Your suit (jacket+trousers) should be made from the same fabric, in the same color pantone. The best way to make sure they match is to simply buy them as a set from the same tailor. This is the reason why ALL tailors sell suits in 2 pieces or 3 pieces (with a vest – in this case the vest too should be of the same fabric and color).
5) You should like the style and look of your tailor.
Different tailors have differing styles. Go to Saville Row, and each individual tailoring house have their own distinct taste – this translate into the fabrics they stock, the cuttings, etc.
When you walk into a tailoring store, look at the tailor himself. Do you like his dress sense? Does his own clothing fit him right? Thereafter, take a look at the samples displayed in the store. Do you like what you see? Is it too flamboyant, or too conservative? Do you see lots of customization options and infographics being displayed? This may sound a bit iffy, but if you walk into a tailoring store and like its “vibe”, chances are that you will like the look of the end product.
6) Know what you should expect for your money
Generally, people have no clue what they should expect for the money they part with. Let me enlighten you guys a bit.
<$400: For under $400, the fabric will often be a wool-blend, with polyester lining. Construction should be half-canvassed, and buttons should be faux-horn/wood/mother-of-pearl (meaning to say buttons that has the look of those materials, but is actually made of plastic). There will generally be no fitting process.
<$800: For under $1000, the fabric will still often be either a wool-blend with a full-canvassed construction, or 100% wool with a half-canvassed construction. Buttons should be made of natural fabric, such as horn/corozo. There might also be a fitting process.
<$1600: For under $1600, the fabric should be “branded” wool with a full-canvassed construction. There are mills in England/Italy dedicated to manufacturing wool textiles for suits – common names are VBC (Vitale Barberis Canonico from Italy) and Holland & Shery (from England). Buttons will definitely be made of natural materials, sometimes even precious ones such as mother-of-pearl. There should definitely be a fitting process around 2-3 weeks after your initial measurements are taken.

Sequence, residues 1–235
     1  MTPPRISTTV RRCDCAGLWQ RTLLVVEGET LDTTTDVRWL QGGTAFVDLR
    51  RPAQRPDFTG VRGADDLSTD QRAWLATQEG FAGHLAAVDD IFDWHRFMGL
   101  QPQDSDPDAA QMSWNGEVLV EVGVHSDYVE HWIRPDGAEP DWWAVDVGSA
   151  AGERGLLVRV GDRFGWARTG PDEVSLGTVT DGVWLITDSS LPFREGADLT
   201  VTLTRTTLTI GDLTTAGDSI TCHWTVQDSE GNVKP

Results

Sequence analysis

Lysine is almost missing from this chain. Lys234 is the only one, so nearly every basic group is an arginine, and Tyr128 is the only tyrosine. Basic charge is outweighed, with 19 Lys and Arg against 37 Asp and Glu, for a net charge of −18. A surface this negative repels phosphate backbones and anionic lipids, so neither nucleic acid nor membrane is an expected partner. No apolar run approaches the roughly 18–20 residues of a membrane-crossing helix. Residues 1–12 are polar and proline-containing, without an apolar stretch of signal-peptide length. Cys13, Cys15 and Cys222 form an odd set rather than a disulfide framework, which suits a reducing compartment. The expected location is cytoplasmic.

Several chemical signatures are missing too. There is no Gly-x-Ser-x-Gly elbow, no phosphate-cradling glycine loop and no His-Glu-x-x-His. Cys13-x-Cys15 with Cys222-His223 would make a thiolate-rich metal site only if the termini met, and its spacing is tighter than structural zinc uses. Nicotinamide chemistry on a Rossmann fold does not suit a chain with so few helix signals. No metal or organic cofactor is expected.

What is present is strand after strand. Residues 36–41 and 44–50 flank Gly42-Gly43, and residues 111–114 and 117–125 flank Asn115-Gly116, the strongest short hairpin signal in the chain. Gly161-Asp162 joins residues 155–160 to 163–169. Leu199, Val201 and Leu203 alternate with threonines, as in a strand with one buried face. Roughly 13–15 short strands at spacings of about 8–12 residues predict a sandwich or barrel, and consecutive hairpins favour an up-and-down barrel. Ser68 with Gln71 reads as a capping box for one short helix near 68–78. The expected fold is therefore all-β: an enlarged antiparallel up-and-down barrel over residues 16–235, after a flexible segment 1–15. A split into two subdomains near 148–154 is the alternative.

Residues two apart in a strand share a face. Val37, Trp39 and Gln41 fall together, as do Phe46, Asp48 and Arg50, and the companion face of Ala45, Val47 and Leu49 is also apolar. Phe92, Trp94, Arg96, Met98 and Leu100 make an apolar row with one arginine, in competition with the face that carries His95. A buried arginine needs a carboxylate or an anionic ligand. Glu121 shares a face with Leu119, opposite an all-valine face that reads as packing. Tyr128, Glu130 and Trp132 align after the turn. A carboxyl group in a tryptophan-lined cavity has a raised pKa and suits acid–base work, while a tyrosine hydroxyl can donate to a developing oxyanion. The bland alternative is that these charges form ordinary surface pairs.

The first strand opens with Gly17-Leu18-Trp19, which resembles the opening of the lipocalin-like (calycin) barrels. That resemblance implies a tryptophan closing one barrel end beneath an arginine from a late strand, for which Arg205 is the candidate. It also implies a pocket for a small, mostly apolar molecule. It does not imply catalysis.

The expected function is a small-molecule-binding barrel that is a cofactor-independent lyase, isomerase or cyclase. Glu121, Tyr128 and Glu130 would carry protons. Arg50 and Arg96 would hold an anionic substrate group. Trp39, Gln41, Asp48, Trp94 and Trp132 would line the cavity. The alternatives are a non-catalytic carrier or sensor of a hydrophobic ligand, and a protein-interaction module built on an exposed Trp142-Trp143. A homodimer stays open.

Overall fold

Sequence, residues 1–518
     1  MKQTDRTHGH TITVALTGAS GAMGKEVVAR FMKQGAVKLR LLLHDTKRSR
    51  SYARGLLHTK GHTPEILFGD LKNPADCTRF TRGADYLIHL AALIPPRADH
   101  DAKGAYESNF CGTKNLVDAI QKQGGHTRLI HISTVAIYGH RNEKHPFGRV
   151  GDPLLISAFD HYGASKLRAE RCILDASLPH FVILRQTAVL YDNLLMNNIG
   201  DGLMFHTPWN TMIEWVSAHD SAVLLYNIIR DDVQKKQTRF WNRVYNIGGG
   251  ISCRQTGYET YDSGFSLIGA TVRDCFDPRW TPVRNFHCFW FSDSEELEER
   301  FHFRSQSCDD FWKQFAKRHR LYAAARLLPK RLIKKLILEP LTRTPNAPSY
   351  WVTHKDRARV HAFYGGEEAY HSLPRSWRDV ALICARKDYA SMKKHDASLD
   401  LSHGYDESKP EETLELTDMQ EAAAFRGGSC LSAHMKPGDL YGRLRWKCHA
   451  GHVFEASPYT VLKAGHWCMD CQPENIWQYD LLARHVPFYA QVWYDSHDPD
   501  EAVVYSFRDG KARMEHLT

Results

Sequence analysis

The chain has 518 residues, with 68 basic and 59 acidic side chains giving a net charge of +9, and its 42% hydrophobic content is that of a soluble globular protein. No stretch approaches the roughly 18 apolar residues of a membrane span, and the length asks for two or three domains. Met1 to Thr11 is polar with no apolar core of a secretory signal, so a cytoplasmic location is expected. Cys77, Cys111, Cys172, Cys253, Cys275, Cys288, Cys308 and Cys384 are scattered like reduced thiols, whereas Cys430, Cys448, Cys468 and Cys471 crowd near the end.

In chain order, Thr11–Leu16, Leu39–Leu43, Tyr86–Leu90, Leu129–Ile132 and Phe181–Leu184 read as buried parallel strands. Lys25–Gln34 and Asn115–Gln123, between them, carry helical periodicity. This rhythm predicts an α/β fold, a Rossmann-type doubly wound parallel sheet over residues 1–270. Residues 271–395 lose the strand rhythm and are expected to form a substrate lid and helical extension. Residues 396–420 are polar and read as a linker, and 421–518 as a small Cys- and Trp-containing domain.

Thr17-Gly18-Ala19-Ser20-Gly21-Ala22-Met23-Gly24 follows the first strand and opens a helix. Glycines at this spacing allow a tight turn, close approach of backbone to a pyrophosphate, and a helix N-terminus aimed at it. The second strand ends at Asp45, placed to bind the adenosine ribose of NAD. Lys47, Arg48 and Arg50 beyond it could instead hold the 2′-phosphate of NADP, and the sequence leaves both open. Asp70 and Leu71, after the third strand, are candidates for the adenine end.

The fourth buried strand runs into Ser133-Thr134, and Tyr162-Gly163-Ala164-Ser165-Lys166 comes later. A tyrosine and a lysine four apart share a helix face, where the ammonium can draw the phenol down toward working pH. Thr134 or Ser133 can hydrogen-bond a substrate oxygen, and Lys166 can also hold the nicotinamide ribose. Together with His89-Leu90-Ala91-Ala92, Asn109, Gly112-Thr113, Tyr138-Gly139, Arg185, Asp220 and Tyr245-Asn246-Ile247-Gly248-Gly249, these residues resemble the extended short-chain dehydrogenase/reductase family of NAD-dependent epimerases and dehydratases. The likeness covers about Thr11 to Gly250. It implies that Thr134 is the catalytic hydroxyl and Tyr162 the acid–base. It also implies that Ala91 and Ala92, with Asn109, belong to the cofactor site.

>$1600: If you have tons of cash to splash, go bespoke. Go to Dylan & Sons, or Kevin Seah. Let your imagination run wild.
7) Make sure your suit fits right.
Above all, make sure that the suit fits right. You can have the best quality suit, but it will all be for naught if it doesn’t fit to your figure. How will I know if it fits right, you ask? In general, look out for the following:
The shoulders are the hardest part to fit right. This is because often, our two shoulders are different – one is often higher or broader than the other. This is why an off the rack suit will never fit you perfectly, since everyone’s body shape is different. If you bought a ready-made suit, bringing it to a tailor to get the shoulders altered will set you back a pretty penny. That is why I recommend having it made-to-measure – just make sure the shoulders look and feels good (refer to the above infographic) during the fitting sessions. If you’re going down the bespoke path, trust your tailor with the fit – those guys are the experts of their craft.
Secondly, look out for the waist fit. A good-fitting suit should adhere to the curve of your torso nicely, but remain loose enough so that the fastened button doesn’t look like it’s hanging on for dear life. (Refer to the above infographic) Often, off the rack suit makes you look rectangular and boxy, like a robot. Get them tailored, or better yet go to a made-to-measure/bespoke (if you’re rich) tailor.
3) Sleeve length
Ah, another often neglected detail. Your sleeves should be short enough to show 1/4-3/4 inch of shirt cuff. (Refer to the above infographic). Often, an off the rack suit will be too long. It’s important to either get this tailored or made-to-measure because our arms are often of different length, and thus adjustments have to be made accordingly. I see a lot of people overlook this, and it’s such a shame.
I hope that this article has made you guys more knowledgeable about what to look out for when buying a suit! I’ll personally advise one to go to a made-to-measure tailor – you can get a good quality 2 piece suit for as little as $299! While that may seem a lot at first, remember that a good suit is an investment, and should last you years. In any case, it’s not significantly more expensive than stores like H&M and G2000! (Remember, the $299 price covers both the jacket and trousers) If you already have an off the rack suit, get it altered at your local tailor – you will look a hundred times better.
Wahsoshiok will soon be reviewing suits from local tailors as well, so keep a lookout for that! 🙂